‘Lizzie’ Gets in Her Whacks

by Warren Cantrell on September 21, 2018

in Print Reviews,Reviews

[Rating: Minor Rock Fist Up]

A somber retelling of an American tragedy projected through the #MeToo lens, Lizzie is a hundred-plus year-old tale that feels right at home in 2018. The story of a double murder in a sleepy 19th century New England town, the film explores several timely topics ranging from parental abuse, sexual assault, and good old-fashioned greed. And while it doesn’t knock down every target it sets up for itself, Lizzie succeeds when it matters most, and breathes some new life into a murder mystery that has captured imaginations for over a century.

The movie opens during a crime scene interrogation of Lizzie Borden (Chloë Sevigny), who is answering questions for a policeman not far from her father’s mutilated corpse. The film then jumps back to the hiring of the household’s maid, Bridget (Kristen Stewart), some months before. Bridget is Irish, and quickly forms a friendship with Lizzie, who is the only person in the house who seems to see through Bridget’s station as a hired hand. Both women are trapped in their respective roles as a result of their ethnicity and/or gender, and each seems to want something more out of life.

The house is a full one, what with Lizzie, her older sister Emma (Kim Dickens), their stepmother Abby (Fiona Shaw), and their father, Andrew (Jamey Sheridan). And while Emma and Abby seem content to keep their heads down, and play the passive roles assigned to them, Lizzie has a rebellious streak. Keen on getting out of the house, and even acquiring a little culture, Lizzie pushes back against her father’s controlling nature and tries to forge her own path. Along the way, Lizzie discovers an unlikely ally in Bridget, and what begins as a platonic friendship begins to blossom into something more romantic.

Having opened with the aftermath of the murders, all of this comes as an understood preamble: as the groundwork for something awful. Most people know that things come to a head (literally) with the axe-murders of Lizzie and Emma’s father and stepmother. What the story needs is a spark, and the kindling comes in the form of Abby’s brother, Uncle John (John Morse). John is set up as a cruel, duplicitous creep who Lizzie learns will control her father’s estate in the event of the patriarch’s passing. No longer able to look forward to the day when her father dies, when she can do whatever she wants, Lizzie begins to think desperate thoughts.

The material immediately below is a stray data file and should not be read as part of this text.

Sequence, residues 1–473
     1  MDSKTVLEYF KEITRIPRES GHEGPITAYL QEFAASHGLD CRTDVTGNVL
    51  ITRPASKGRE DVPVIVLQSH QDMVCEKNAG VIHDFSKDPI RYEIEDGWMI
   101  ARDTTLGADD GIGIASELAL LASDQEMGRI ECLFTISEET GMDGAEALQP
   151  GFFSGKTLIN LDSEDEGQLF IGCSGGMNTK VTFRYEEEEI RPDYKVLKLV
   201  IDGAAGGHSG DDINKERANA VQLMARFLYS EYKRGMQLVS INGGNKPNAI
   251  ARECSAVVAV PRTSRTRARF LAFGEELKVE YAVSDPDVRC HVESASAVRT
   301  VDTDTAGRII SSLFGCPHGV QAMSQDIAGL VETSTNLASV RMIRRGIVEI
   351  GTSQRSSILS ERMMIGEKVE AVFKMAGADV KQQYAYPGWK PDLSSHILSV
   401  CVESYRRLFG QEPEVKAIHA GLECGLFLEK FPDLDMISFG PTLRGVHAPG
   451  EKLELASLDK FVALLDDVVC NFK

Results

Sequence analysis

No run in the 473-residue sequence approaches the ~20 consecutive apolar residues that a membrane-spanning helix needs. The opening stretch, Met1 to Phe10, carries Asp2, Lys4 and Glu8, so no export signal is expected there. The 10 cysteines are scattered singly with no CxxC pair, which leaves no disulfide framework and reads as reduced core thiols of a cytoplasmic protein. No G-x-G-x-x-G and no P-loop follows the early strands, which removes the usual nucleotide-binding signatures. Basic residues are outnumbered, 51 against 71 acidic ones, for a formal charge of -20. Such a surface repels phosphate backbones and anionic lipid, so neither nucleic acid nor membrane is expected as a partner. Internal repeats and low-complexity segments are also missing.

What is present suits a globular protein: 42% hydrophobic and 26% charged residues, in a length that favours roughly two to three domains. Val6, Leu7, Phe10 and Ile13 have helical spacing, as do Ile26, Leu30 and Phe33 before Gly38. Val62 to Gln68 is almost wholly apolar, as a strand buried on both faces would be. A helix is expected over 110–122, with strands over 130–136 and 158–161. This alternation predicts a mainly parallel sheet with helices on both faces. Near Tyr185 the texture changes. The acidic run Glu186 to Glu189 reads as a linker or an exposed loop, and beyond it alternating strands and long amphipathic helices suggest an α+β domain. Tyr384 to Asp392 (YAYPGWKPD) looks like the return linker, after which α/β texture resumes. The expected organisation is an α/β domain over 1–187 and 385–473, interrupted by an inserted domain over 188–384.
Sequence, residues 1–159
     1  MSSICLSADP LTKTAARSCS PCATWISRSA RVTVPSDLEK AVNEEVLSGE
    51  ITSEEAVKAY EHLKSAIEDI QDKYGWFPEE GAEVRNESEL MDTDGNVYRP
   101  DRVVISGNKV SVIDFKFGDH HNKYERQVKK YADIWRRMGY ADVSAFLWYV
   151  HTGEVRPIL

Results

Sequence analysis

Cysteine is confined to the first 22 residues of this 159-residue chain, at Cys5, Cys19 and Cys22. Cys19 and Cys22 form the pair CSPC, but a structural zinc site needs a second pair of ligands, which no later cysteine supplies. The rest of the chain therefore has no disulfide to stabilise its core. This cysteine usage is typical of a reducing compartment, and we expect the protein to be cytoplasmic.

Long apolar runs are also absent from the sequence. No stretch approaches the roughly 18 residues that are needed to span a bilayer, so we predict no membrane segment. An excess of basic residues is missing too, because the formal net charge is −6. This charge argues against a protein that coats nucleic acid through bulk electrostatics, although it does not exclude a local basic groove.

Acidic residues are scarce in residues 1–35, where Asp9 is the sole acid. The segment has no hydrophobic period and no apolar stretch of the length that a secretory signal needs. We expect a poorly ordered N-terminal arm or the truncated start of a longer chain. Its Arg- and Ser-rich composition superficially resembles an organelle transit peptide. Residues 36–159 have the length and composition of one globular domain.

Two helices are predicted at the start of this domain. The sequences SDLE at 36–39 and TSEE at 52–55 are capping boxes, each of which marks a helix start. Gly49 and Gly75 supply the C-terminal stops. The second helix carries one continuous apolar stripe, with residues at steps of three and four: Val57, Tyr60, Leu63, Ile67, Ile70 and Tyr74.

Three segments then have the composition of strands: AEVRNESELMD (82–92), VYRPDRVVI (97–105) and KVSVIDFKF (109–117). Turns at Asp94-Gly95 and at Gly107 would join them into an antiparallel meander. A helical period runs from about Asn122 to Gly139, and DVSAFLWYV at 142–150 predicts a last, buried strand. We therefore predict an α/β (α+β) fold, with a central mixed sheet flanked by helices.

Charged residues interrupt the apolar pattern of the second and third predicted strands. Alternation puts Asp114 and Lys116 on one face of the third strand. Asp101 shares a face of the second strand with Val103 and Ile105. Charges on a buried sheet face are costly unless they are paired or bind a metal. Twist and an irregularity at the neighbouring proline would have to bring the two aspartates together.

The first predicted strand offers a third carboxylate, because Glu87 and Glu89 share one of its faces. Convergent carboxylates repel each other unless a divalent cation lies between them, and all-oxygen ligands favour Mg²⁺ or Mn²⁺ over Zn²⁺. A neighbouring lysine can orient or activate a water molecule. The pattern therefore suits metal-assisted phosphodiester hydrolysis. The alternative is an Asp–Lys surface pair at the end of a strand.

Director Craig William Macneill and screenwriter Bryce Kass have a tricky job with all of this, as they have to stretch a handful of bloody minutes into a feature-length film. By starting with the murder’s aftermath, they establish the stakes, then fill in the blanks about how things came to pass. It is a sound strategy and works well for the sake of the narrative since the murders themselves aren’t seen until the third act. Most are going to walk into Lizzie knowing what “happens,” so it’s not like anything is ruined with this approach. It’s just that there’s a lost element of suspense, here, and it is something the picture can’t ever seem to recover.

Things aren’t helped by the composition of the characters, either: most notably Lizzie and Bridget. Stewart plays the latter maid character like a spooked cat most of the time, and while this might be true to her character, it doesn’t make for an engaging viewing experience. Lizzie is even more of a problem, for while the audience will likely sympathize with her attitude and disposition, Sevigny plays her with a pent-up stoicism that just doesn’t play well on the screen. As presented, it is hard to get to know her, and even more difficult to get on her side. Like Stewart’s portrayal of Bridget, the Lizzie rendering feels authentic to the reality underpinning all of this, but that’s also what makes it feel somewhat inaccessible.

As the movie develops, and the conflict between Lizzie and her father boils over, the tension bubbling up beneath the surface begins to show, and a delicious whiff of bloody anticipation overtakes things. It’s a credit to Lizzie that the movie is able to reach this fever pitch after its opening set-up; again, the fact that Andrew and Abby die is never in question, yet just how that comes to pass, and who is involved, does form the basis for a fascinating exploration, here.

The look and feel of Lizzie sets it in a particular time and place more than any title card stating the date as 1892. Macneill sucks all the color out of his costumes and sets, and is sparse with the score, highlighting just a few piano notes and violin screeches to denote the rising tension. The costumes for the women all seem suffocating, and the shadowy lighting adds to an overall penal feeling of confinement. This is altogether appropriate, too, as the murders are very much the result of the repressed reaching out in desperation for some semblance of freedom.

Opening this week, Lizzie is a prescient drama whose only real failing is adhering too closely to the thematic and historical truths of the event in question. Performances that are simultaneously appropriate yet inaccessible keep the audience at arm’s length and handicap this one a bit, yet it still manages to be provocative and engaging. Deliberate and exacting, the film is never slow, which seems altogether fitting, as it would be a shame if the story of Lizzie Borden was mired in boredom.

“Obvious Child” is the debut novel of Warren Cantrell, a film and music critic based out of Seattle, Washington. Mr. Cantrell has covered the Sundance and Seattle International Film Festivals, and provides regular dispatches for Scene-Stealers and The Playlist. Warren holds a B.A. and M.A. in History, and his hobbies include bourbon drinking, novel writing, and full-contact kickboxing.


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